Churches are made up of people, and people are imperfect. No church is immune to the problem of evil, though we should certainly have a greater level of immunity to evil's influence. When non-Christians interact with us, they may be unsure of what to expect. The world does not paint a pretty picture of our beliefs.
So, what will they find? They will ideally find a group of people who, despite the pervasive dysfunction of the world, display unconditional love, forgiveness, excellent character, patience, forgiveness, fairness, grace, resilience, and hope.
Christians should strive to pleasantly surprise the world! When they expect to find an environment that could never support healthy, loving, functional relationships, we should blow their minds with positive, life-changing interactions. “Always keep your behavior excellent among the Gentiles, so that when they speak against you as evildoers, they might see your good deeds and glorify God on the day of visitation (I Peter 2.12).”
Have you ever told someone something that you wanted to be kept between you and them? This was a secret very important to you that needed to be kept but the one in whom you trusted to keep it, told someone else? Although it has been said, certain secrets are made to be revealed at a later time, one should be trustworthy to “keep it quiet” in regards to the one who trusted them.
Jesus often told His disciples to not let others know about who He was (Matthew 16:20). He also told those whom He healed to keep it between them. For example, he said to a leper, “See that you tell no one, but go your way...” (Mark 8:4). This is known as the Messianic Secret. Jesus used this on His disciples as He performed miracles. Why would Jesus not want anyone to know that He is God’s Son and has the power to heal? First of all, Jesus knew that it was not time for them to know. They were not ready for it. A good example of this is Peter. See, the apostles did not understand certain things yet, especially the spiritual things in which Jesus had to do, such as how He was to go to Jerusalem to suffer many things from the elders, chief priests and scribes and be killed and raised the third day. Peter even pulled Jesus to the side to rebuke Him that this should not happen (Matthew 16:21-23). This was one of the reasons as to why they needed to not tell anyone. Second, in the case of the leper, such a miracle being revealed would hinder Christ’s mission and divert public attention from His message. Imagine how many would flock to see Jesus to be healed? This actually was the case after the leper could not keep quiet. His disobedience of telling others Jesus healed him, caused Jesus to move His ministry away from the city to the desert regions (Mark 1:45). Revealing a secret can have major implications.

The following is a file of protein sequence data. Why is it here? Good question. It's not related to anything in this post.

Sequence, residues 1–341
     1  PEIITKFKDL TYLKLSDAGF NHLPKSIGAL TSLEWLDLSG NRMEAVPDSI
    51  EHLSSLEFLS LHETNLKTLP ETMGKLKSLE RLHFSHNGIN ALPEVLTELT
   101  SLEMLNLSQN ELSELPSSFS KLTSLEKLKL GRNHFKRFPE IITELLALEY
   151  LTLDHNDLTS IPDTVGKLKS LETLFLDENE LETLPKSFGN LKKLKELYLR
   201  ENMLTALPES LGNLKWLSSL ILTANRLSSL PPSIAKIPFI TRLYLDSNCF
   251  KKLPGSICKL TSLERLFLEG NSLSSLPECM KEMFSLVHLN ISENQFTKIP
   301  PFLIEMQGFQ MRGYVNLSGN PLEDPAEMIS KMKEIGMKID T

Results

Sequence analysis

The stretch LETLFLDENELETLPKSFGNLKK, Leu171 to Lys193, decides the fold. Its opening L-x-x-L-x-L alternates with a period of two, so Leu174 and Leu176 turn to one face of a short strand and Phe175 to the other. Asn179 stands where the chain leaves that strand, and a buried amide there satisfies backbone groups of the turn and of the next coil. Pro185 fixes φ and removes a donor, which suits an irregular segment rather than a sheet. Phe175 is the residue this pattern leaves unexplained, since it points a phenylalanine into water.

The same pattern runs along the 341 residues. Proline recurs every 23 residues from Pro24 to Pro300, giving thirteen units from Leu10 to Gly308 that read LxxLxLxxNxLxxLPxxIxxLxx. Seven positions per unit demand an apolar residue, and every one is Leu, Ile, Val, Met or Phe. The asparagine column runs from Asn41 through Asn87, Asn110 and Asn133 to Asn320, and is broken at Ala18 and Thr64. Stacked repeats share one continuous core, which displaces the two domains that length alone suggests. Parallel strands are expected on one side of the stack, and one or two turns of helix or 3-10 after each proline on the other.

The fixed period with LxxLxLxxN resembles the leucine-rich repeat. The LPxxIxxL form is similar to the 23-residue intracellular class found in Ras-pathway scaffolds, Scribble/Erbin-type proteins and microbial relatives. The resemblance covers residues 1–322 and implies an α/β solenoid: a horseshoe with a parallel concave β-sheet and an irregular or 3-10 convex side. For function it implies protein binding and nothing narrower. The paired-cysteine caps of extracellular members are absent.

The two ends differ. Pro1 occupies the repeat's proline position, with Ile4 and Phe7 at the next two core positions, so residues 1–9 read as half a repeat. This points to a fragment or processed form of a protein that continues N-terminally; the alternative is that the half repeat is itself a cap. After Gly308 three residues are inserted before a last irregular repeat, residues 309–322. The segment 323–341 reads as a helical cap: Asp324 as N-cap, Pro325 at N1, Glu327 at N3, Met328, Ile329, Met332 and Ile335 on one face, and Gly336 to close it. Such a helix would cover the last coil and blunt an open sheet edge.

God expects us to not keep Jesus a secret (Matthew 28:19). The word “go” here means, “as you are going” make disciples of Christ. We are expected by God to share the good news. However, we need to be wise in doing so. Most people we come into contact with are not ready to be taught about Jesus. There are people who if you bombard them with the spiritual things in which they do not understand, in which they are not ready for, you can lose them. I know, because I have done so. The best way in which we can go about sharing Jesus at first without keeping Him a secret, is to shine Him in the way in which we live. We may be the only Bible others will ever “read.” May it be in such a way that they long to know who this Jesus is.